RealDirect.com was built around a compelling proposition for home sellers — instead of paying the 6 percent broker fee, let RealDirect handle the listings and offer advice from agents, while only paying $395 a month or a 1 or 2 percent commission (depending on the level of services). Now, however, the site is also trying to be useful for home buyers.
Specifically, instead of expecting buyers to find the listings through various real estate databases, RealDirect is launching its own map-based interface. It’s pretty straightforward — you enter things like the neighborhoods you want to look at, the maximum price, and the number of bedrooms and bathrooms, then you get a map with all the houses that fit your criteria. You can also draw a lasso around the area that you want to search in and browse data about different neighborhoods.
RealDirect also uses something it’s calling “compatibility rankings” — basically, it’s casting a wider net so that you don’t miss good fits just because they aren’t an exact fit for what you said you were looking for.
“Every single buyer makes some sort of compromise,” says co-founder and CEO Doug Perlson puts it. “The idea of having a set of search results that are an exact match to your criteria is particularly troubling when it comes to real estate search.”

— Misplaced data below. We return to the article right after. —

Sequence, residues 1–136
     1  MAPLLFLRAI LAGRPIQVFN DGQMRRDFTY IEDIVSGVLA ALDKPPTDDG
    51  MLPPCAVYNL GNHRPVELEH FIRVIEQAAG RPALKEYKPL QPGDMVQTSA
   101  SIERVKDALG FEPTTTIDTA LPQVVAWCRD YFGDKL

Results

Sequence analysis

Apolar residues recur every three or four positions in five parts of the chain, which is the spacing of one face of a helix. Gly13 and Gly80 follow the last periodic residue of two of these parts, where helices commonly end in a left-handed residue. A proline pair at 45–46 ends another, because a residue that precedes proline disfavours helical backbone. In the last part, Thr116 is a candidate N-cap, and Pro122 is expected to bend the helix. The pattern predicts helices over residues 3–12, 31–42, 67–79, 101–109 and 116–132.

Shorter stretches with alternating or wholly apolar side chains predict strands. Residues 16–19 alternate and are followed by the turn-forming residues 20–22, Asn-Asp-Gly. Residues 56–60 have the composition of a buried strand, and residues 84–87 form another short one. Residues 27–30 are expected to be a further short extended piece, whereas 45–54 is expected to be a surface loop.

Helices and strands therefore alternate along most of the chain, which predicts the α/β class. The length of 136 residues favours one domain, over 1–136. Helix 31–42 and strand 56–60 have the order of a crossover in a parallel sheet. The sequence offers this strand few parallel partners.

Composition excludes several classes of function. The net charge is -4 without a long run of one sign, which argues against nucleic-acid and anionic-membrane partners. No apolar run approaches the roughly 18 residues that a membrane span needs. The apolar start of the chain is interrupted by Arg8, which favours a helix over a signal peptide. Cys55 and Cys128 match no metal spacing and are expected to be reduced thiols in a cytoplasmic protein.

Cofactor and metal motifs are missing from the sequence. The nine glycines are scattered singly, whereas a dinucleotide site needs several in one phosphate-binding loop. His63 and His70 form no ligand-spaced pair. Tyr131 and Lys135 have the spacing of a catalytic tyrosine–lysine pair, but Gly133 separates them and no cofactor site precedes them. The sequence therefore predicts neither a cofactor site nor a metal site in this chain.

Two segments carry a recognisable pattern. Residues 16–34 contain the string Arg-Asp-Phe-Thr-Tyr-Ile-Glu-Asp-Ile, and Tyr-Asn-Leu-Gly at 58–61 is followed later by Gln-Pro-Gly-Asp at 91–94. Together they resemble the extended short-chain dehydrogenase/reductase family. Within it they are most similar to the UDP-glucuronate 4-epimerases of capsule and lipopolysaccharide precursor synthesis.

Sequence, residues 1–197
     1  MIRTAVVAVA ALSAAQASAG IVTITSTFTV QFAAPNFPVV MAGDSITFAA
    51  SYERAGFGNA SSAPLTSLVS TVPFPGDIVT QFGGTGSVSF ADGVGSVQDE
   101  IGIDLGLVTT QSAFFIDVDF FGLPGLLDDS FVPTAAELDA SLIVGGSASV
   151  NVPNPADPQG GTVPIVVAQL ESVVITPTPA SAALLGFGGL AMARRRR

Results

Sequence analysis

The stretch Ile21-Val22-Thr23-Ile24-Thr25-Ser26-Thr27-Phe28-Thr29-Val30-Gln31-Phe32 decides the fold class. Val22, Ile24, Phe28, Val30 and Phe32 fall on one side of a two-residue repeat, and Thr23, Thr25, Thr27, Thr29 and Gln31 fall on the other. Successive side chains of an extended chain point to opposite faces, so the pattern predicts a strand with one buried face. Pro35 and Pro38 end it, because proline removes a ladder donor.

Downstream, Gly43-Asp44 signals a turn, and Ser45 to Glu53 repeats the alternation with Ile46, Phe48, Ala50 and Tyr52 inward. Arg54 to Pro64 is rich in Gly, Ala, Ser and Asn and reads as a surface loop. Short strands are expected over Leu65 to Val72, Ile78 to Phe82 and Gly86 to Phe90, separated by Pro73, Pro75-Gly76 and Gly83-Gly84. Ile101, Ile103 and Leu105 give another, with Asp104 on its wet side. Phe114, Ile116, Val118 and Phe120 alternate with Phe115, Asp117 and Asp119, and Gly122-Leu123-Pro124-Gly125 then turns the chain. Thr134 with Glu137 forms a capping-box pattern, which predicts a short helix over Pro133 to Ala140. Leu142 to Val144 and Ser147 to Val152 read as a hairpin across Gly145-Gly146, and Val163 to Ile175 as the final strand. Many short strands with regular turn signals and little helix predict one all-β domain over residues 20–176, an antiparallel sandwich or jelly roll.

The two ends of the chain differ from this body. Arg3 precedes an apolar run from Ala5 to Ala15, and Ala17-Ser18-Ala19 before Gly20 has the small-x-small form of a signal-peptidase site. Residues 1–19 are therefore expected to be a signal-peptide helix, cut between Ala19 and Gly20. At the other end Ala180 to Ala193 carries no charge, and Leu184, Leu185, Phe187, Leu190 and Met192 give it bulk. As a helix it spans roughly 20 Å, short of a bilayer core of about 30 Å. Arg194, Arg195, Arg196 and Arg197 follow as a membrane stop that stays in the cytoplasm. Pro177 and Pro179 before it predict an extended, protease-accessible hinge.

For example, if someone says they’re interested in apartments with at least 2,000 square feet, they’d probably be just as interested in one that matched all of their other criteria perfectly, but was only 1,997 square feet. Most other real estate search sites would cut off the search at 2,000, but instead of seeing your criteria as a yes-or-no cutoff, RealDirect treats them more as guidelines that it can use to give you the best results.
For now, RealDirect is limited to Manhattan and Brooklyn. Perlson says it will probably expand to other areas of New York City over the next 12 months, then open in other markets in 18 months or so. The company’s investors include Tribeca Venture Partners, High Peaks Venture Partners, Bendigo Partners, SecondMarket CEO Barry Silbert, and About.com founder Scott Kurnit.